Hooking mortality and physiological responses of striped bass angled in freshwater and held in live-release tubes by J.M. Bettinger, J.R. Tomasso Jr., and J.J. Isely at Pubs.Er.USGS.gov
Mortality and physiological responses of adult striped bass Morone saxatilis angled from Lake Murray, South Carolina, and held in live-release tubes were evaluated during the spring and summer of 2003.
To estimate mortality, we attached external ultrasonic transmitters to 59 striped bass (mean total length [TL] = 585 mm).
Striped bass were caught with angling gear, tagged, and immediately released or held in live-release tubes for 2, 4, or 6 h prior to release. No mortality of striped bass was observed during spring.
Overall mortality during summer was 83%. Mortality of summer-caught striped bass was not related to tube residence time, fish TL, depth of capture, or surface water temperature. To characterize physiological stress, we measured the plasma cortisol, glucose, lactate, and osmolality levels of 62 additional striped bass (mean TL = 563 mm) that were angled and immediately released or angled and held in live-release tubes. Plasma cortisol, glucose, lactate, and osmolality were positively related to tube residence time.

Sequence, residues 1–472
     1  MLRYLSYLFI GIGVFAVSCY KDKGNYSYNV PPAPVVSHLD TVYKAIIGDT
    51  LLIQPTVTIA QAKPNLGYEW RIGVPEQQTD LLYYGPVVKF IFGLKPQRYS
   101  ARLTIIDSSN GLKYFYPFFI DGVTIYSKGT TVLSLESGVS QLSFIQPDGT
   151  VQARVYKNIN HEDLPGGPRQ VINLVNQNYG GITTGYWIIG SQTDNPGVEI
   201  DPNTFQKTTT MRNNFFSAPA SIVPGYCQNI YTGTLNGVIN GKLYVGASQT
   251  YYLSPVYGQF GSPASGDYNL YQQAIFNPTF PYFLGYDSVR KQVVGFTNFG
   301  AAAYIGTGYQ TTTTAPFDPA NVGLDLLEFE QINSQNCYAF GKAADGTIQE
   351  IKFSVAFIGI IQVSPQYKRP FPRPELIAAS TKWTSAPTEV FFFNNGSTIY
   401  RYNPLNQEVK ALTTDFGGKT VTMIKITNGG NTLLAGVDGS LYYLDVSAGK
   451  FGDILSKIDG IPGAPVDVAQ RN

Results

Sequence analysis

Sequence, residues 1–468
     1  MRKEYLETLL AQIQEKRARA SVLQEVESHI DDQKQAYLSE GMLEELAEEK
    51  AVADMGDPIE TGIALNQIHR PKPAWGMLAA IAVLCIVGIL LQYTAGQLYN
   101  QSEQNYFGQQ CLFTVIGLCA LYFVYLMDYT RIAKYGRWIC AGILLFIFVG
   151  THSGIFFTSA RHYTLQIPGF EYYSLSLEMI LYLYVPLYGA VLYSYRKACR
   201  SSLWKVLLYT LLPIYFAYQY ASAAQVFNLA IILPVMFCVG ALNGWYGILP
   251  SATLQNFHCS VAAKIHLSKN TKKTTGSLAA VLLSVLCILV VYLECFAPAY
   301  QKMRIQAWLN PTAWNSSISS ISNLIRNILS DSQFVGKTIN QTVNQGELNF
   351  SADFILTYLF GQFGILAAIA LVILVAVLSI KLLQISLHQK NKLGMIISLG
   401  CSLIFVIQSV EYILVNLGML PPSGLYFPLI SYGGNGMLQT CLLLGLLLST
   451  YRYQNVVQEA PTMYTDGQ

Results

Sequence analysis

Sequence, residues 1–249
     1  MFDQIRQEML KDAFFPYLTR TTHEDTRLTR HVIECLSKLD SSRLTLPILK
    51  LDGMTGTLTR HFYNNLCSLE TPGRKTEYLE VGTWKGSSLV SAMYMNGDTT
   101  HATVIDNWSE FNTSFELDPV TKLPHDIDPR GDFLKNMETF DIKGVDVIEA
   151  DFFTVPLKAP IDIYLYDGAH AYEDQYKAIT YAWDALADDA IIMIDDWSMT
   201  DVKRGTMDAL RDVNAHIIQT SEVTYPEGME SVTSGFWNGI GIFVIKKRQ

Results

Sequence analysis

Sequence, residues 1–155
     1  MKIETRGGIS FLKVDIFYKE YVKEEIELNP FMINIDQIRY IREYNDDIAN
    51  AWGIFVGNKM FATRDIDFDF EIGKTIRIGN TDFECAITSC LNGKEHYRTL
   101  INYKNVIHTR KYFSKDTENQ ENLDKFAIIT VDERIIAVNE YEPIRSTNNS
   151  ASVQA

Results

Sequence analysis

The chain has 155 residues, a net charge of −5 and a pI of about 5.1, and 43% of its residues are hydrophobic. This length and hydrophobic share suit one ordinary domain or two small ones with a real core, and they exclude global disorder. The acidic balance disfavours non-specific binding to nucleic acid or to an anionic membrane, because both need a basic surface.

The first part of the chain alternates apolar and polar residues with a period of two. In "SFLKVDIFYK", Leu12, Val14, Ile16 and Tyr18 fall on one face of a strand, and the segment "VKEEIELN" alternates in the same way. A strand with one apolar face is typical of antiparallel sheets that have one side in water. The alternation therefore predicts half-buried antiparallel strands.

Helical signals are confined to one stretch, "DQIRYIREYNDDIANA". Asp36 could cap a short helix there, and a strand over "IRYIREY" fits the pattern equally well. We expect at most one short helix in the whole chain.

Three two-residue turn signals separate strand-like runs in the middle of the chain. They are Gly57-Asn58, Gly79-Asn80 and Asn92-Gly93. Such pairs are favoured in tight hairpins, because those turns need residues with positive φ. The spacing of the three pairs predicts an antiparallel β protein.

When the hematological characteristics were considered only in relation to tube residence time, responses indicative of physiological stress continued for about 150 min, after which blood chemistry began to return to normal.
Live-release tubes appear to be useful for keeping striped bass alive when they are angled from cool water, but they are not effective for striped bass angled from warm water. The high summer mortality of striped bass suggests a need for restrictive fishing regulations during the summer for the Lake Murray striped bass fishery.
"Bragging may not bring happiness, but no man having caught a large striper goes home through an alley."